A grass-roots petition to improve the affordability of cancer drugs is gathering signatures—and stories—after being posted online in early March.
Two weeks in, nearly 4,000 people have signed the petition asking President Barack Obama, HHS and members of Congress to protest against high cancer drug prices. That's because, according to research cited in the petition, the average price of cancer drugs has risen from $5,000 to $10,000 annually in 2000 to more than $120,000 a year today.
It's a statistic with which Dr. Hagop Kantarjian, chair of the department of leukemia at M.D. Anderson Cancer Center, Houston, is all too familiar. After hearing from patients that they couldn't afford the out-of-pocket costs associated with these expensive drugs, Kantarjian became an outspoken advocate of controlling their prices.
His solution? Have patients put pressure on the White House and other elected officials to implement certain strategies that could bring the costs down to more reasonable levels, while still allowing pharmaceutical companies to profit. One of the proposed methods is to allow Medicare to negotiate drug prices with pharmaceutical companies, a privilege that doesn't currently exist. Another is to allow cancer drugs to be imported across borders.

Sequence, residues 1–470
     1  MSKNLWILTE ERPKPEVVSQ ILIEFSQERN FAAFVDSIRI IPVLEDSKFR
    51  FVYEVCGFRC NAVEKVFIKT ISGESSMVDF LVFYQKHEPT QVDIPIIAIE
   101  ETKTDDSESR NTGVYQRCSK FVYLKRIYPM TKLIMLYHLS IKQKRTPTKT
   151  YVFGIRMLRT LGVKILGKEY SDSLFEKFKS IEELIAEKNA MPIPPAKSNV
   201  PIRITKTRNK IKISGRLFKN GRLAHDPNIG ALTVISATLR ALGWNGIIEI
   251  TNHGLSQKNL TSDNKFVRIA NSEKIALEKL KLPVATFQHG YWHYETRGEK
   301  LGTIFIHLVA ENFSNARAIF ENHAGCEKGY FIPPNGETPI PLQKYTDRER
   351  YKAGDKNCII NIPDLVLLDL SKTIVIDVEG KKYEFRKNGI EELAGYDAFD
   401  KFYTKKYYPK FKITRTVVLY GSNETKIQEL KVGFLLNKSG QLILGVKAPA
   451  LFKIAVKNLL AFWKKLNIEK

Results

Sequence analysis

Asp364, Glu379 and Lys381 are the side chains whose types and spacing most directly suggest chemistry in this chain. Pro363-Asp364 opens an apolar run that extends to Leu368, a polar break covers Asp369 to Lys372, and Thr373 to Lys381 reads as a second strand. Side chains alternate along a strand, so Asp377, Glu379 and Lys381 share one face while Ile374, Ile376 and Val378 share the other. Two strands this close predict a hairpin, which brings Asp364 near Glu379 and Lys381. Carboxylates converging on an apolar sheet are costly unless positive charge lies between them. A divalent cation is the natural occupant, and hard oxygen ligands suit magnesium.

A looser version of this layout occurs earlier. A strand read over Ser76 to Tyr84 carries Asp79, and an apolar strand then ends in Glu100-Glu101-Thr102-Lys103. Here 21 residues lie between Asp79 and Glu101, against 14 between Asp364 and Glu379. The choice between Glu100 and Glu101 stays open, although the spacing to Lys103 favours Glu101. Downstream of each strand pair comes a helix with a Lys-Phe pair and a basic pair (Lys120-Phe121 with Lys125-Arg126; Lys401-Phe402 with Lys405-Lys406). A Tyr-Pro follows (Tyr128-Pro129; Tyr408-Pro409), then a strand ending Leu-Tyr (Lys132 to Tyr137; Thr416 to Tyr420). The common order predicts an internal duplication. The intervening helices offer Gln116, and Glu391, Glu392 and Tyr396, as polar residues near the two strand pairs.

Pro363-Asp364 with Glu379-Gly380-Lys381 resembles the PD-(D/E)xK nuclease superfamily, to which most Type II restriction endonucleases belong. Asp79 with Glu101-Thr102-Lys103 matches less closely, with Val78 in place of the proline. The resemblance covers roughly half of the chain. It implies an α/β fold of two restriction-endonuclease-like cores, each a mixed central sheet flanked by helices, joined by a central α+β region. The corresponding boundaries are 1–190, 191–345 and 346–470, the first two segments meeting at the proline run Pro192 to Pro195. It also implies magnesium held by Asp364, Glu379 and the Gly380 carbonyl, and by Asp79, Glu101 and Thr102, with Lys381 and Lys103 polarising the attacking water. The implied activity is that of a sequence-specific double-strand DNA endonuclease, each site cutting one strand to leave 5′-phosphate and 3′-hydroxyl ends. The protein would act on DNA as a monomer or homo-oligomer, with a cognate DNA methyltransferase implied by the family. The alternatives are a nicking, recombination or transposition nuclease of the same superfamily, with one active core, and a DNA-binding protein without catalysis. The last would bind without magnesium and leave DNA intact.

Those are moves that Kantarjian and supporters of the petition—many of whom cite personal struggles to cover the costs of their own cancer drugs—say could save lives, particularly since one in three Americans has a lifetime chance of developing cancer. In 2014, about 1.6 million new cancers were diagnosed, according to the American Society of Clinical Oncology (PDF).
And that number is expected to rise in the coming years. Backers of the Change.org petition are just hoping drug costs don't continue to grow with it.
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